• Finally, the balance in breathing between left and right nostrils determines the balance between left and right brain activity which affects analytical and creativity capability and output of the person.

All the above factors impact our ability to live a wholesome life, in psychosomatic equilibrium. When we are able to regulate our breath, tour breath here is visible improvement in our ability to manage change and challenges. The good news is that can be brought under control by regulation and prāṇāyāma is the science of regulating it.

What happens when we breathe?


  • We breathe without noticing it. It is an involuntary action, performed without us being conscious of it.
  • During breathing-in, we expand the chest and drop our abdomen, so that the lungs admit air from the atmosphere.
  • The diaphragm which forms the base of the thoracic cavity moves down.
  • Consequently, this causes negative pressure within the lungs, leading to air being drawn through the mouth and nostrils into the wind pipe to reach the lungs.
  • Similarly, during exhalation, the abdominal muscles contract, squeezing the abdominal viscera against the diaphragm.
  • When the diaphragm is pushed up, lungs get compressed which forces air which is now filled with carbon dioxide and water vapour out of the body through the nostrils.

Relationship between breathing and health

Atmospheric air entering the lungs contains roughly 79% nitrogen, 20% oxygen, and traces of carbon dioxide. Out of these, only oxygen is used by the body. In exchange, the body gives up carbon dioxide and water vapour.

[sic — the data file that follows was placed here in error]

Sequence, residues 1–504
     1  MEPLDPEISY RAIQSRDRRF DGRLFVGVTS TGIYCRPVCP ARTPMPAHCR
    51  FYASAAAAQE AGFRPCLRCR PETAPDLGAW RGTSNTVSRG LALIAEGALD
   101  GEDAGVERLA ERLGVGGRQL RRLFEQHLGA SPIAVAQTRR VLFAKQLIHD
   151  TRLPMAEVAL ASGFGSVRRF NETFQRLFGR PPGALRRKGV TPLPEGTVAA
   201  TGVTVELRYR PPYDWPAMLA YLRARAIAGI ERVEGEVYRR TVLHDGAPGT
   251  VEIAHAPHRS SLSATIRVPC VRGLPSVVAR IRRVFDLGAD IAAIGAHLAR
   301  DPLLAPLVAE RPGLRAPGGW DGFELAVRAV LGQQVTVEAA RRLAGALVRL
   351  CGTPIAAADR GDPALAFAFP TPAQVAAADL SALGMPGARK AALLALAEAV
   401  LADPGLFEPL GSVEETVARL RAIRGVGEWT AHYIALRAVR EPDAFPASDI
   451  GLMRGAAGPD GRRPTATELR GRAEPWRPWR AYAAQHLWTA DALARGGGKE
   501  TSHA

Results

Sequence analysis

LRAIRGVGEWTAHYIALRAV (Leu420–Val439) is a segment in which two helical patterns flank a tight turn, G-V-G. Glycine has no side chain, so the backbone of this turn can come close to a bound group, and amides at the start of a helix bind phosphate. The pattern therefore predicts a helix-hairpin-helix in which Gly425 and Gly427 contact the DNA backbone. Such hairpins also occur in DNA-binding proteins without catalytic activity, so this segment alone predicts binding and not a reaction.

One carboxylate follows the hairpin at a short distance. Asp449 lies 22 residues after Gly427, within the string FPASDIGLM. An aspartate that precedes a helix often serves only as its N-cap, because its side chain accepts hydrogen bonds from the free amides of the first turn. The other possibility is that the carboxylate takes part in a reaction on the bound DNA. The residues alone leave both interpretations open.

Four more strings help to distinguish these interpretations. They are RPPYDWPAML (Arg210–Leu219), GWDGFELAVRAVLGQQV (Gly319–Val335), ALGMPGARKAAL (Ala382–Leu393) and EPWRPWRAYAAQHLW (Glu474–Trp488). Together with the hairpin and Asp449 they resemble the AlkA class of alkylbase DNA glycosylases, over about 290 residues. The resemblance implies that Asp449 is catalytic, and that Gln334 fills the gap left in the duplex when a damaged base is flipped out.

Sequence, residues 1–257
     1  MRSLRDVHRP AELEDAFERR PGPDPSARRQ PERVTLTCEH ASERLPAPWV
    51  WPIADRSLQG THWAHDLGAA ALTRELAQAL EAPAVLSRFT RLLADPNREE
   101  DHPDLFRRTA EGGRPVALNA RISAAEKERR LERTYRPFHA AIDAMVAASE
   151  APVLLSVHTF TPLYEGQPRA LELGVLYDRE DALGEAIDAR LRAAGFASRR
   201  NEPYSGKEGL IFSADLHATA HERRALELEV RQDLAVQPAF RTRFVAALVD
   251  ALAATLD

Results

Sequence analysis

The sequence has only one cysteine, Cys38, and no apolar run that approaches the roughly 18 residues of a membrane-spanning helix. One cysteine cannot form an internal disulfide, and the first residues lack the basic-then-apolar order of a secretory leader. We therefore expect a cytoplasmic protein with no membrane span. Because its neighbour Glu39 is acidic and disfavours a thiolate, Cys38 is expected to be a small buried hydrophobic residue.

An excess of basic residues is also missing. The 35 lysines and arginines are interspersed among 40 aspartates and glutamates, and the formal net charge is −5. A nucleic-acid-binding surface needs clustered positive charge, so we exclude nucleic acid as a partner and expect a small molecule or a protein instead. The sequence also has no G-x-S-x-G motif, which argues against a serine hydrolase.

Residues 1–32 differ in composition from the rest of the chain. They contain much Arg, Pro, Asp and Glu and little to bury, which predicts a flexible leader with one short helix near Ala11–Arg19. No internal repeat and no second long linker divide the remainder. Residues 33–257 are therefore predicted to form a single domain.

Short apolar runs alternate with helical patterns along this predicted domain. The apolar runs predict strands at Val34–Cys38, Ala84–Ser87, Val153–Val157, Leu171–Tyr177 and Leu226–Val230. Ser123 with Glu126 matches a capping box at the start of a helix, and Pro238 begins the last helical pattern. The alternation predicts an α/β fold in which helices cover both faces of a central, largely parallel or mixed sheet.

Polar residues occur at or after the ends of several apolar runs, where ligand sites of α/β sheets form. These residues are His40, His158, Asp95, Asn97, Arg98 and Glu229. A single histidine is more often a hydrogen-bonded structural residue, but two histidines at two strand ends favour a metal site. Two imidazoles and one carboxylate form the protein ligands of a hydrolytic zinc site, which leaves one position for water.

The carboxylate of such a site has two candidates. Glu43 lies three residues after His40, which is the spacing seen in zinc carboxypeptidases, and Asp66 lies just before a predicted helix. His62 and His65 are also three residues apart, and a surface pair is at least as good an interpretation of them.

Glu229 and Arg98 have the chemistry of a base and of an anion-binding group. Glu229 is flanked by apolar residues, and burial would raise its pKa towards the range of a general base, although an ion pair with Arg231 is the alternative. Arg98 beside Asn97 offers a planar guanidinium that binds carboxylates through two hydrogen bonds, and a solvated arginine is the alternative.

The wind pipe (trachea) divides into two bronchi. Each bronchus enters the lung on its side and divides itself into several branches called bronchioles. The bronchioles further divide and sub-divide themselves into fine terminal branches, and these terminate into respiratory bronchioles that hold minute air sacks called alveoli. Alveoli have a very thin lining surrounded by thin-walled capillaries that facilitate exchange of gases. Though each alveolus is a very small microscopic structure, the number of alveoli in the lungs is enormous, providing an area of almost 50 square meters for exchange of gases.

The process of exchange of gases in the alveoli to and from the blood surrounding it is called diffusion. Oxygen moves from the air to the blood and is absorbed by the haemoglobin in the blood while carbon dioxide and water vapor diffuse from the blood to the alveolar air.